The Complete Works of William Shakespeare: With a Life of the Poet
Porter & Coates, 1869 - 968 pages
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answer arms Attendants bear Beat better blood bring brother comes daughter dead dear death dost doth Duke Enter Exeunt Exit eyes face fair faith father fear folio follow fool Ford fortune France gentle give gone grace hand hast hath head hear heart heaven hold honour hope Host hour I'll John keep king lady leave Leon live look lord madam marry master mean meet mind mistress never night noble once peace play poor pray present prince queen reason rest Rich SCENE serve soul speak Speed spirit stand stay sweet tell thank thee thine thing thou art thought thousand tongue true turn unto wife woman York young
Page 416 - That those whom you call'd fathers did beget you. Be copy now to men of grosser blood, And teach them how to war. And you, good yeomen, Whose limbs were made in England, show us here The mettle of your pasture; let us swear That you are worth your breeding— which I doubt not; For there is none of you so mean and base That hath not noble lustre in your eyes. I see you stand like greyhounds in the slips, Straining upon the start. The game's afoot: Follow your spirit; and upon this charge Cry 'God...
Page 385 - Windsor, thou didst swear to me then, as I was washing thy wound, to marry me and make me my lady thy wife. Canst thou deny it ? Did not goodwife Keech, the butcher's wife, come in then and call me gossip Quickly? coming in to borrow a mess of vinegar ; telling us she had a good dish of prawns; whereby thou didst desire to eat some ; whereby I told thee they were ill for a green wound...
Page 18 - I have bedimm'd The noontide sun, call'd forth the mutinous winds And 'twixt the green sea and the azur'd vault Set roaring war; to the dread rattling thunder Have I given fire and rifted Jove's stout oak With his own bolt, the strong-bas'd promontory Have I made shake and by the spurs pluck'd up The pine and cedar; graves at my command Have wak'd their sleepers, op'd and let 'em forth By my so potent Art.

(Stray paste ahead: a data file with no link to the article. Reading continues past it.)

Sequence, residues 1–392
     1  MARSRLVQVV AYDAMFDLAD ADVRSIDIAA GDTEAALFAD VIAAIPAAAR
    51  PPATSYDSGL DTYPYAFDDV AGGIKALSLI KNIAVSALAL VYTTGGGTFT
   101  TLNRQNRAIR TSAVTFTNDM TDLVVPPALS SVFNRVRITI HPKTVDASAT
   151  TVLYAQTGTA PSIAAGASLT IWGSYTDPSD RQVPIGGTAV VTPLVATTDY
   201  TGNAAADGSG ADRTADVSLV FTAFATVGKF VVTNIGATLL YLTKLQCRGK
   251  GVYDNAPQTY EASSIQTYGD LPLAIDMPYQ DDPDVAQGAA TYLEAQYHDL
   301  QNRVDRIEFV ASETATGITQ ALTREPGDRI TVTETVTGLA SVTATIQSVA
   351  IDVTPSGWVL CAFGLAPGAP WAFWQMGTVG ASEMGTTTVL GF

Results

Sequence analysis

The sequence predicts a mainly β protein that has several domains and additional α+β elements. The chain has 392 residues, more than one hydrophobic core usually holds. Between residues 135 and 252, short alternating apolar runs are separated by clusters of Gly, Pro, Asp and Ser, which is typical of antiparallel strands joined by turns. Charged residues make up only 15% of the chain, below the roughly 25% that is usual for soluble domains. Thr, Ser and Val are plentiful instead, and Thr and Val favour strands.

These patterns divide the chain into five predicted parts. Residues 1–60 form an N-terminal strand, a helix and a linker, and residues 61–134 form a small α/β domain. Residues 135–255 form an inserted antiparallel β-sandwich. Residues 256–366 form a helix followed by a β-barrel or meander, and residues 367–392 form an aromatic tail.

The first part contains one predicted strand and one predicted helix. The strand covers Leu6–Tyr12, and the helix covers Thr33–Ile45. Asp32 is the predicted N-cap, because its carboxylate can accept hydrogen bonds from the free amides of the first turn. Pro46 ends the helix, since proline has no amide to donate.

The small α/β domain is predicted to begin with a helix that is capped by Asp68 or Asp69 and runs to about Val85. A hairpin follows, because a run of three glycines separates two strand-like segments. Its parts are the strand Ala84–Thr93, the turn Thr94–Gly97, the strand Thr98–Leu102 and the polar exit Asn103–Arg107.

Page 425 - This story shall the good man teach his son ; And Crispin Crispian shall ne'er go by, From this day to the ending of the world, But we in it shall be remembered, — We few, we happy few, we band of brothers ; For he to-day that sheds his blood with me Shall be my brother ; be he ne'er so vile, This day shall gentle his condition : And gentlemen in England now a-bed Shall think themselves accurs'd they were not here ; And hold their manhoods cheap whiles any speaks That fought with us upon Saint...
Page 168 - That such a thing bechanc'd would make me sad ? But tell not me : I know Antonio Is sad to think upon his merchandise. Ant. Believe me, no : I thank my fortune for it, My ventures are not in one bottom trusted, Nor to one place; nor is my whole estate Upon the fortune of this present year : Therefore my merchandise makes me not sad.
Page 111 - Sigh, no more, ladies, sigh no more, Men were deceivers ever ; One foot in sea, and one on shore ; To one thing constant never : Then sigh not so, But let them go, And be you blithe and bonny ; Converting all your sounds of woe Into Hey nonny, nonny.
Page 425 - Rather proclaim it, Westmoreland, through my host, That he which hath no stomach to this fight, Let him depart ; his passport shall be made And crowns for convoy put into his purse : We would not die in that man's company That fears his fellowship to die with us. This day is...